Visualizing LD1 values of individual violins (Fig. 5A) and prolific luthiers (defined by>45 violins) (Fig. 5B) over time, and comparing with historical accounts of violin making, can offer insights into why this particular shape attribute is temporally modulated. Much of the correlation of LD1 with time seems to be attributable to extreme values before ∼1650 and after ∼1800. Instruments made before 1650 have exceptionally high LD1 values and are almost exclusively derived from Brescian luthiers (e.g., Giovanni Paolo Maggini, Fig. 5), representing the first violins. Interestingly, the instruments of Eugenio Degani and his son Giulio Degani at the beginning of the 20th century have anachronistically high LD1 values, perhaps suggesting the Brescian school influenced them. The first luthier to innovate a violin with the opposite extreme of LD1 values was Antonio Stradivari of the Cremonese school. This is noteworthy for two reasons: 1) low LD1 values uniquely define A. Stradivari from his contemporaries, which is important for the identification of violins from this period because of their desirability, and 2) the documented influence of A. Stradivari on subsequent luthiers provides a hypothesis that the low LD1 values in violins after ∼1800 may arise from imitation.

Figure 5. The contributions of luthiers to the correlation of violin shape attributes with time.

A) Scatterplot showing individual violins with LD1 values (9.4%) plotted against year. Colors indicate violins produced by select luthiers. B) Similar to A), showing boxplots of LD1 values of violins produced by prolithic luthiers. Luthiers are arranged temporally along the x-axis by the average year of the violins they produced. See text for details for the relationships of luthiers to each other and known copying of violin design. Purple, Giovanni Maggini; red, Antonio Stradivari; yellow, Nicolas Lupot; orange, Jean-Baptiste Vuillaume; blue, Eugenio Degani; green, Giulio Degani; black, other.

Two of the most famous luthiers that began the trend of low LD1 values after 1800 are the known Stradivari copyists Nicolas Lupot and Jean-Baptiste Vuillaume of Paris (Fig. 5). Hart, in his The Violin: Its Famous Makers and Their Imitators [27], not only declares N. Lupot the “French Stradivarius” but says, “Stradivari was his idol, and from the fact already mentioned, that he is very rarely found to have followed any other model than that of Stradivari, he would seem to have been aware of his own peculiar fitness for the great master's design.” The violins of J.B. Vuillaume may even have been more influential than Lupot in disseminating the Stradivari shape attribute around the world. His purposeful imitation of Stradivari was profit-driven [28]:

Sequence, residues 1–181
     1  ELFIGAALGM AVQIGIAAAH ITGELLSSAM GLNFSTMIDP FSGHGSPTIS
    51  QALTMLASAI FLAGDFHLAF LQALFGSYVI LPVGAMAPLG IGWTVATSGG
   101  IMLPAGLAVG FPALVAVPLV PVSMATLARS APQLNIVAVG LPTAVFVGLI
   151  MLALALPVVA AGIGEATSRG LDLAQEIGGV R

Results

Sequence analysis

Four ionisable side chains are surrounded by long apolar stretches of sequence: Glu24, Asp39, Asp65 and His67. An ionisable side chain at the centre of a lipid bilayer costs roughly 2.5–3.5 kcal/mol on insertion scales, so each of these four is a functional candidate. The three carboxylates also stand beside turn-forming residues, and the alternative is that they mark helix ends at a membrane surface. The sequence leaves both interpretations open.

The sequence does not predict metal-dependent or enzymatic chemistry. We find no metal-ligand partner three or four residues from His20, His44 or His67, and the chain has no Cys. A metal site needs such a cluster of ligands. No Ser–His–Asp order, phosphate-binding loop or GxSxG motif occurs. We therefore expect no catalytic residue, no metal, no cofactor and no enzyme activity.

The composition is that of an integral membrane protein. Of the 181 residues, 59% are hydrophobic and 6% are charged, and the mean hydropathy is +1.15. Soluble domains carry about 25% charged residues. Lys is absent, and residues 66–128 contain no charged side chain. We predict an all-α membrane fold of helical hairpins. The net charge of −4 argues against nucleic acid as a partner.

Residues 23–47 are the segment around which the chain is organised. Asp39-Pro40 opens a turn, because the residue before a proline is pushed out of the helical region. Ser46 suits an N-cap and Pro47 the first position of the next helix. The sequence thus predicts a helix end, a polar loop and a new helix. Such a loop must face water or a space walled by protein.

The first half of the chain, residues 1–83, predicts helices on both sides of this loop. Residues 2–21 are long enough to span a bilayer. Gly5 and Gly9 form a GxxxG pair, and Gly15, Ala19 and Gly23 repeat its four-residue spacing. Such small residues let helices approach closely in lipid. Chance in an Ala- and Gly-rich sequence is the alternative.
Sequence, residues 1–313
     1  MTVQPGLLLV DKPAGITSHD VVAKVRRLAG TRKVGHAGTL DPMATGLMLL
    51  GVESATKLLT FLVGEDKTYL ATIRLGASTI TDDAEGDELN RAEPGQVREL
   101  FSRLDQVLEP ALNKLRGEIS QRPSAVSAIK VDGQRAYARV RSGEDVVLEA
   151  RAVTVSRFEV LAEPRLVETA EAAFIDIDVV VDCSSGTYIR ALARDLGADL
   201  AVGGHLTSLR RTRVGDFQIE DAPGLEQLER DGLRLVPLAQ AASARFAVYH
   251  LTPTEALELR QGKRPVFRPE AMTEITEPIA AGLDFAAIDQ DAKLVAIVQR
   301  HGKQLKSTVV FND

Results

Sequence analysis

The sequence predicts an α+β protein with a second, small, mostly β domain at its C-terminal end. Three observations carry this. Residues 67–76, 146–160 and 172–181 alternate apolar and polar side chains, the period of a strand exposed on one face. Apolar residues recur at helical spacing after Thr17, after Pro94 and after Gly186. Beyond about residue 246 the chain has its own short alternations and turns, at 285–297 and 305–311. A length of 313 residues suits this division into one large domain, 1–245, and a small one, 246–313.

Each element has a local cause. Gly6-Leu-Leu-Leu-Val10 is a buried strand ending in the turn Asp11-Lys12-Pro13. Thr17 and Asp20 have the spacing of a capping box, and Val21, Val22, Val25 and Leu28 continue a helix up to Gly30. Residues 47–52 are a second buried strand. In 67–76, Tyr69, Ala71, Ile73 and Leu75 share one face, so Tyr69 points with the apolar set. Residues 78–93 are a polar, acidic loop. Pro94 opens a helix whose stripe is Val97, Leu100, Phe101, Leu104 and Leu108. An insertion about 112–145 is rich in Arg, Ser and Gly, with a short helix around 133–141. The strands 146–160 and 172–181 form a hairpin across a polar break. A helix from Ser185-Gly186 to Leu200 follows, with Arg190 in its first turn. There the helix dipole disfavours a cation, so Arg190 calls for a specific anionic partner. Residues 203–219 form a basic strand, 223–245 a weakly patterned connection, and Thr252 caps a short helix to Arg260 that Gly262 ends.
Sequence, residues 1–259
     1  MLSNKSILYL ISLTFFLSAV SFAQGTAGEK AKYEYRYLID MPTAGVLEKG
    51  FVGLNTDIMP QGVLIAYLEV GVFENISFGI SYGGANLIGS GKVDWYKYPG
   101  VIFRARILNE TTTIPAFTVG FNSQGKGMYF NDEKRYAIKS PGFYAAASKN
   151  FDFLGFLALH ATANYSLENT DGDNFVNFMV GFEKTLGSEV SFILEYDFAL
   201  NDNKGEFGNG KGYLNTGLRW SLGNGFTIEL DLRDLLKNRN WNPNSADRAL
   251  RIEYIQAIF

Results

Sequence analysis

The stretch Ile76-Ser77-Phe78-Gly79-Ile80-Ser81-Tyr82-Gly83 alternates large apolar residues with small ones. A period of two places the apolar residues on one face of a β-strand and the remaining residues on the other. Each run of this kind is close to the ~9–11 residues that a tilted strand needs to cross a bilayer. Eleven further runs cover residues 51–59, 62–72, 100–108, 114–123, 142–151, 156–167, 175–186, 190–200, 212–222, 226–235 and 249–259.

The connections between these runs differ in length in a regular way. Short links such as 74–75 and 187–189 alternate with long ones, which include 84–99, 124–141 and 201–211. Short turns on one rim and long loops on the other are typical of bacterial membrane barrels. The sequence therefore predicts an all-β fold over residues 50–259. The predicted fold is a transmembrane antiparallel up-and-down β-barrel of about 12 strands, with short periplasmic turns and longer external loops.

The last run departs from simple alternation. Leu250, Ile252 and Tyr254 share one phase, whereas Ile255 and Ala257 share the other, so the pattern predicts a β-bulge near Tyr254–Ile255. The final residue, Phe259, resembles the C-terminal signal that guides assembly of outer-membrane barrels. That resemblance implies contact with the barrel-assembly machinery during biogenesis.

Of all the great Italian masters of violin-making, Stradivari was always his ideal, and by constant study, and cultivation of his own rare natural powers of observation, he acquired such an intimate knowledge and judgment of Stardivari's work in every detail, that he might almost be said to be better acquainted with the maker's instruments than the master himself. Vuillaume soon found the sale of violins, issued as new works without any semblance of antiquity, an unprofitable undertaking, and, recognizing the growing demand in all parts of the world for instruments resembling the great works of Cremona, he determined to apply his great skill as a workman, and his extraordinary familiarity with Stradivari's models, to the construction of faithful copies of the great maker's works. This was the foundation of his success, for the modern copies found a ready sale, and orders poured in upon Vuillaume from all parts of the world.

Although LD1 is exceptionally correlated with time, it still represents only a fraction (9.4%) of the total separation of violin shape by luthier (Fig. 4). Using linear discriminants to predict luthier is a particularly relevant way to detect imitation while using all available separation (Table 3; Dataset S7). Of the prolific luthiers, Giovanni Paolo Maggini (the only early Brescian in this group) is one of the most discernable, with 78.6% of his instruments being correctly reassigned to him. Instruments by Eugenio Degani, with the anachronistically high LD1 values (Fig. 5) are also relatively distinguishable at 63.5% correctly reallocated violins. Nicolas Lupot, the known copyist previously mentioned, has one of the lowest correct reallocation rates (19.5%). But the lowest reassignment among prolific luthiers is Vincenzo Trusiano Panormo, with only 8.2% correctly reallocated instruments. Hart describes both N. Lupot and V.T. Panormo as the “faithful copyists” of A. Stradivari [27]:

Panormo and Lupot share the palm as the faithful copyists of the great Cremonese master. Neither appears to have attempted to create a model of his own; their sole aim was to imitate to their utmost the various patterns of Stradivarius, Guarnerius, and Amati, but they principally confined themselves to those of Stradivarius.

An analysis of instrument shape by luthier indicates that specific shape attributes are highly correlated with time (Figs. 45). Detailed analysis of the discernibility of shapes from different luthiers and historical accounts suggest widespread copying (Table 3; Dataset S7), particularly of A. Stradivari, contributing to the temporal structure of shape variance and the evolution of the modern violin’s outline.

Clusters of highly imitated violin shapes

What effect does copying have on the structure of shape variance in violins? Does shape continuously vary, or did copying lead to only a handful of templates? Qualitative assessments of violin shape suggest variations on a theme, or descent with modification [30], of only a few influential outlines. Additionally, the Brescian and Cremonese schools marked an innovative period in violin shape [29]: